Grass Species, Lawn Care, & Soil Health
Help! Why Has My Lawn Gone Brown?
A lot of grasses go dormant and turn brown in summer heat, and the past few summers were scorchers. Healthy turf can make it through such conditions with minimal irrigation, and still bounce back in the fall. And if your turf isn’t healthy? Fall is the ideal time to revamp your lawn so start making plans now. Keep reading this page to learn how to remake your yard as a hardy survivor of future hot spells.
Water Wise Irrigation
Residential outdoor water use across the United States accounts for nearly 9 billion gallons of water each day, mainly for landscape irrigation.
Timing is Everything!
Watering when the sun is low and avoiding when the sun is hot to reduce evaporation of the water before it can be enjoyed by plants.
It is Time for Sprinkler Spruce Up!
Before you ramp up your watering, be sure to spruce up your irrigation system. System maintenance can help save you a lot of money and water! Cracks in pipes can lead to costly leaks, and broken sprinkler heads can waste water and money. You could be losing up to 25,000 gallons of water and $280 over a six-month irrigation season!
Now is the perfect time to spruce up your irrigation system. To get started, follow these four simple steps - Inspect, Connect, Direct, and Select!
- Inspect: Check your system for clogged, broken, or missing sprinkler heads. Better yet, go with a pro - find an irrigation professional certified by a WaterSense labeled irrigation program to do the work for you!
- Connect: Examine points where the sprinkler heads connect to pipes/hoses. If water is pooling in your landscape or you have large soggy areas, you could have a leak in your system. A leak as small as the tip of a ballpoint pen (1/32 of an inch) can waste about 6,300 gallons of water per month.
- Direct: Are you watering the driveway, house, or sidewalk instead of your yard? Redirect sprinklers to apply water only to the landscape.
- Select: An improperly scheduled irrigation controller can waste a lot of water and money. Update your system’s schedule with the seasons, or select a WaterSense labeled controller to take the guesswork out of scheduling.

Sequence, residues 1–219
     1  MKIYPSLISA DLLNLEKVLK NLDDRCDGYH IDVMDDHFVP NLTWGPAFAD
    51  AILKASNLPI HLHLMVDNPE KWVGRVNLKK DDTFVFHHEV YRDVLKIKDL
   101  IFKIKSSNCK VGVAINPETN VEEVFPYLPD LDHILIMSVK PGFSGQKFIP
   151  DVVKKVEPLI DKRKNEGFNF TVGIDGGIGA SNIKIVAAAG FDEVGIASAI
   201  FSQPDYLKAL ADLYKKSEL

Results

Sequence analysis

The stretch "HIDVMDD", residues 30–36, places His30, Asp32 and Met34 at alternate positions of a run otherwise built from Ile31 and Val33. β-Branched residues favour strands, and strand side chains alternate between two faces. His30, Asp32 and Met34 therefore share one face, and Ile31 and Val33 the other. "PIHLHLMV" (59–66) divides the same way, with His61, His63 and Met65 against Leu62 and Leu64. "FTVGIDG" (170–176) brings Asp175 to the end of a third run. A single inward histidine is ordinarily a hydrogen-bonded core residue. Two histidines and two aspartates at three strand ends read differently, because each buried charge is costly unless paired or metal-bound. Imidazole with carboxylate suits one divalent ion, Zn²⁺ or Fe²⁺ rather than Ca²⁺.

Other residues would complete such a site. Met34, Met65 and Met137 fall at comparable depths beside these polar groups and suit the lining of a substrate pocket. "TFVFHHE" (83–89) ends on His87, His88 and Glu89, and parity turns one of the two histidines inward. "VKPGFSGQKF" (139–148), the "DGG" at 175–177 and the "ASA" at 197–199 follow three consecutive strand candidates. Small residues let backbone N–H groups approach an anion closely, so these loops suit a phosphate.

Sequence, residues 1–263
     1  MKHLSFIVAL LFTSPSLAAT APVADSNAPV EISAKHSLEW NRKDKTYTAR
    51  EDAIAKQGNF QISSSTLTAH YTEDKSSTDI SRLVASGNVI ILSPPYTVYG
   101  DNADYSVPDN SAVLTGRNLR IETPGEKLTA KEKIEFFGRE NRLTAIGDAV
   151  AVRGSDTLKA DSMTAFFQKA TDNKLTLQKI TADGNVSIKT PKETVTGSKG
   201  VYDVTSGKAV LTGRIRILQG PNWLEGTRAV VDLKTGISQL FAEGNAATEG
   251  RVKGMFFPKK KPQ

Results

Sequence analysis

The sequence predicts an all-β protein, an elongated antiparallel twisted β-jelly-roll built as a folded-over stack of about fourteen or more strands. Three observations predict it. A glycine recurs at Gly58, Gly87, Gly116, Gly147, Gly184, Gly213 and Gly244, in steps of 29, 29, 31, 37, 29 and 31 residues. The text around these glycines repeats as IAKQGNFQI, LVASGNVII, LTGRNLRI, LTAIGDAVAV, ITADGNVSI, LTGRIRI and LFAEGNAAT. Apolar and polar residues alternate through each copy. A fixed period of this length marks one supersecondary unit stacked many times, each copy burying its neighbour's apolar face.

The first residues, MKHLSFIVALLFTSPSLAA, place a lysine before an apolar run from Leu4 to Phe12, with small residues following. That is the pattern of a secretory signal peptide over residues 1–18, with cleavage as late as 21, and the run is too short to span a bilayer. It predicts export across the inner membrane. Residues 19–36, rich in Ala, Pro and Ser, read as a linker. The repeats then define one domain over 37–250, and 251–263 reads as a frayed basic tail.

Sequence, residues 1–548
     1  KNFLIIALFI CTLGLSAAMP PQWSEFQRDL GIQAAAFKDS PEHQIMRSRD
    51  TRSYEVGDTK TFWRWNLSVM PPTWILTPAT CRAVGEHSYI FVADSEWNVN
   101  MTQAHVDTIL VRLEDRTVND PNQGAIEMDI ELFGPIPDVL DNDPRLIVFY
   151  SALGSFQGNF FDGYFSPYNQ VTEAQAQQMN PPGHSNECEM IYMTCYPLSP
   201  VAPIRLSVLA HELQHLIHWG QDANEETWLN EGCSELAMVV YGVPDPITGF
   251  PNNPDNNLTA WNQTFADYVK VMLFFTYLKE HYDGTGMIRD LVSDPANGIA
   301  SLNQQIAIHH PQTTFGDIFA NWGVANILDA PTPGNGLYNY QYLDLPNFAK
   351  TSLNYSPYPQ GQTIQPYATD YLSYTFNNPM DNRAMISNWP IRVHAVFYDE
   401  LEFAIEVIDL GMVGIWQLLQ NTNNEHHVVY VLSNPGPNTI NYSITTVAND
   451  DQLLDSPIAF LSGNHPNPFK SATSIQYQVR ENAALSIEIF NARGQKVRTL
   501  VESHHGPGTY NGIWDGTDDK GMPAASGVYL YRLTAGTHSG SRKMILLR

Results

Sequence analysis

It take 27,154 gallons of water to cover an area of 1 acre with 1" of water. That means even if you’re watering just the recommended amount, you’re still using over 108,000 gallons of water a month on your lawn!
Find general values for the amount typically needed by different types of established plants. New plants will need more water. If you are installing your plants at the same time as your irrigation system, and your system is set high for those new plants, you must reset it after they are established to avoid a complete and ongoing waste of water.
|Type of Plant||Water Needed (inches per week)|
|Shrub||0.25 to 0.75|
|Ground cover||0.00 to 0.50|
|Annuals||0.50 to 2.00|
|Trees||5 gallons per caliper inch|
|Transplanted Trees||10 gallons per caliper inch|
|Native Plants||0.00 to 0.50|
Information provided by the Irrigation Association. Always follow suggested watering instructions specific to your plant type.
Looking for Irrigation Services?
Check out the WaterSense certified pros on the WaterSense website. These professionals are certified through the WaterSense program as being knowledgeable in water efficiency irrigation techniques and technologies.
- Creating a Water-Wise Landscape (PDF)
- Water-Wise Landscaping (PDF)
- Common Grasses (PDF)
- Warm and Cold Season Grasses (PDF)
- Healthy Lawns (PDF)
- Soil Health (PDF)
- Lawn Maintenance (PDF)
- WaterSense Microirrigation Homeowner Guide (PDF)
- Irrigation Controllers (PDF)
- Automatic Irrigation (PDF)
- Save Water This Summer (PDF)